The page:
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What Factors Are Moving Mortgage Rates Today?

There were no important economic reports today, so our decision-making comes mainly from the economic data below.

Today’s Rate Lock Recommendation

Interest rates have drifted downward recently and are holding fairly steady at this time. However, some indicators point to possible rate decreases in the near term. If you are inclined to gamble, it could pay off in slightly lower rates by the end of today or tomorrow morning.

And if you need to wait a day or two to get a better price – for instance to get a cheaper 15-day lock instead of a 30-day lock, you can probably safely float in the short term. Your decision depends on your tolerance for risk and your own financial resources. Here is the full recommendation:

  • 7-day closing: LOCK
  • 15-day closing: FLOAT
  • 30-day closing: FLOAT
  • 45-day closing: FLOAT
  • 60-day closing: FLOAT

Economic Data Affecting Today’s Mortgage Rates

Here are major economic data that can impact current mortgage rates, and their likely effects:

  • Stocks Major stock indexes are mixed and flat, with the Dow slightly down and the S&P and Nasdaq up just a hair. End result? Neutral and having no effect on mortgage rates. 
  • 10-Year Treasury Yield Today’s 10-year Treasury yield fell two basis points (2/100th of 1%) from .63% to .61%. Yields on 10-year Treasuries usually move in the same direction as mortgage rates, and this move is slightly good for mortgage rates.
  • Oil Prices This morning’s oil prices dropped by .$.12 to $40.54 per barrel. That’s good for mortgage rates. Oil is a limited resource required for most economic activity in the US. Rising oil prices trigger fears of inflation and can cause interest rates to rise, while falling oil prices have the opposite effect.
  • Gold Prices This morning’s gold prices rose $8.80 to $1,818.80 per ounce. Investors buy gold when the economy weakens. Rising gold prices often go in tandem with lower interest rates, and rates often rise as gold prices fall. Today’s news is good for mortgage rates.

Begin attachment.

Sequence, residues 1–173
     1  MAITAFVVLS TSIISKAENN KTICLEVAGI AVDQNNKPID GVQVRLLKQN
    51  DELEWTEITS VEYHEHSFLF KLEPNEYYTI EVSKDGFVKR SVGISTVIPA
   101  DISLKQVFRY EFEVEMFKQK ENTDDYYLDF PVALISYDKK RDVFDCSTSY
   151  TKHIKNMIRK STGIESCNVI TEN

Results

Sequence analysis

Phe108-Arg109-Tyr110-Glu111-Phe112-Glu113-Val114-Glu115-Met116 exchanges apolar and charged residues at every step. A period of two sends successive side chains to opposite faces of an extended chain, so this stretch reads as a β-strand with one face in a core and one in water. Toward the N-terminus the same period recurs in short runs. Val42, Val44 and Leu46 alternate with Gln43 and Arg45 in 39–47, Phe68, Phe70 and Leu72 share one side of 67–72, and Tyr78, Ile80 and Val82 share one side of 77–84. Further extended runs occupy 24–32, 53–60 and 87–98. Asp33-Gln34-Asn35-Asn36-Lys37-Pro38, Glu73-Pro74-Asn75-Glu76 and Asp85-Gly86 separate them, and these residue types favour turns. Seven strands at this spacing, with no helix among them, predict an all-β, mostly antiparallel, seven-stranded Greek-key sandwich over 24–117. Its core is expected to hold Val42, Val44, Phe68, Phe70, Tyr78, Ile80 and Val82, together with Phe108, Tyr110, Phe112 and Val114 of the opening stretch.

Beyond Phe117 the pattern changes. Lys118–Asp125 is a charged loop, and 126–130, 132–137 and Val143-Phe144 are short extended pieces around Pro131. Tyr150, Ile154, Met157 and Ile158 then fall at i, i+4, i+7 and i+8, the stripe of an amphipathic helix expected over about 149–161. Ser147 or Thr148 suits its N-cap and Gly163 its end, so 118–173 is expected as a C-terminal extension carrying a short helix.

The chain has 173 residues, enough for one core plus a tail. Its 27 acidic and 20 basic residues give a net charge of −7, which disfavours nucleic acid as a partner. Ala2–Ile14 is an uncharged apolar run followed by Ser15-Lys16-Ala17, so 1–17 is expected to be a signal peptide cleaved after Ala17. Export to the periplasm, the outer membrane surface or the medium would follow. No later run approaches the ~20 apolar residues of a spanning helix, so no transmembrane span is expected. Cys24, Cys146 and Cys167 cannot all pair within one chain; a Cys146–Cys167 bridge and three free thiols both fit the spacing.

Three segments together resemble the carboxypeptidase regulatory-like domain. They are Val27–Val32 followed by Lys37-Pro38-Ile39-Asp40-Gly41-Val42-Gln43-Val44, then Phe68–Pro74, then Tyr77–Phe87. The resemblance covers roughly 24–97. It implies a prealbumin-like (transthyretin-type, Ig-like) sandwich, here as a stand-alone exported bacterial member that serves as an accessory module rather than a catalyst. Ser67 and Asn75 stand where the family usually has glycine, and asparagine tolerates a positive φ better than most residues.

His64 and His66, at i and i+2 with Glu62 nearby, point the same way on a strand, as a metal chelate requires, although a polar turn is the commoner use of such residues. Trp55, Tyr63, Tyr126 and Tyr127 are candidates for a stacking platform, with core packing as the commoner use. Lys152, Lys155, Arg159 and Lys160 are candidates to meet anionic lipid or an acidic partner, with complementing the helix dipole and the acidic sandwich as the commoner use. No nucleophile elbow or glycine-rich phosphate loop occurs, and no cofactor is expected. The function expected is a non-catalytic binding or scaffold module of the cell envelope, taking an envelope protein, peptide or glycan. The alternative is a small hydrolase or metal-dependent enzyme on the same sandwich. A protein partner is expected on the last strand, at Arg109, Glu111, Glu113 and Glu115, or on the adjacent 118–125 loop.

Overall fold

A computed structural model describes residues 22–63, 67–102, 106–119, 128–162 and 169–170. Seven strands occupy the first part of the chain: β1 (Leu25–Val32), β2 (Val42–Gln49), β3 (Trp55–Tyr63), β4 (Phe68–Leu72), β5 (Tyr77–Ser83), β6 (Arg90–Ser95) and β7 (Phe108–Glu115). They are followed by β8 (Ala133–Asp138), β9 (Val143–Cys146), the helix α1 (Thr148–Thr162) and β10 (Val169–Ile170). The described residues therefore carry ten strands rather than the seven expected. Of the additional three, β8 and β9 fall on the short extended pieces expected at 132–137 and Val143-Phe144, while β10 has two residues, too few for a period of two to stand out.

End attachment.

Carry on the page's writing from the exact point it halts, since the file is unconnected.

• Fear vs Greed CNNMoney’s Fear vs Greed Index measures investor sentiment with a variety of metrics. When investors are confident, or “greedy,” mortgage rates tend to increase. And when investors become more “fearful,” Interest rates tend to fall. This morning’s index is in the “greedy” range, increasing from 63 to 65 since yesterday. The direction of movement (a greedier direction) is bad for mortgage rates.

Almost anything that impacts the world economy can cause mortgage interest rates to change. In most cases, news that indicates economic weakening is good for mortgage rates. That is because investors become more concerned about preserving their principal and less worried about the return they get. News that suggests economic strengthening is generally bad for mortgage rates. That’s because economic heat can also cause inflation, so investors want to see higher rates of return.

This Week’s Upcoming Releases

  • Monday: No economic releases or reports are scheduled today.
  • Tuesday: Nothing pertinent to mortgage rates
  • Wednesday: Existing Home Sales for June, expected to increase from May’s annualized rate of 3.91 million to 4.9 million. Higher home sales translates to higher demand for home loans, and that can cause mortgage rates to rise. But a lower-than-expected rate could cause interest rates to fall back.
  • Thursday: Weekly Initial Jobless Claims are anticipated to rise from last week’s 1.3 million to 1.4 million. Higher unemployment goes hand-in-hand with lower interest rates. And if claims come in higher than expected, rates could fall. If the actual figure is lower, rates could rise. However this is just a weekly figure and doesn’t have a lot of weight unless the actual numbers differ wildly from the estimate. Also on tap are June’s leading Economic Indicators. This group of metrics anticipates economic trends. If they show a warming economy, rates could rise A cooling one signals lower rates.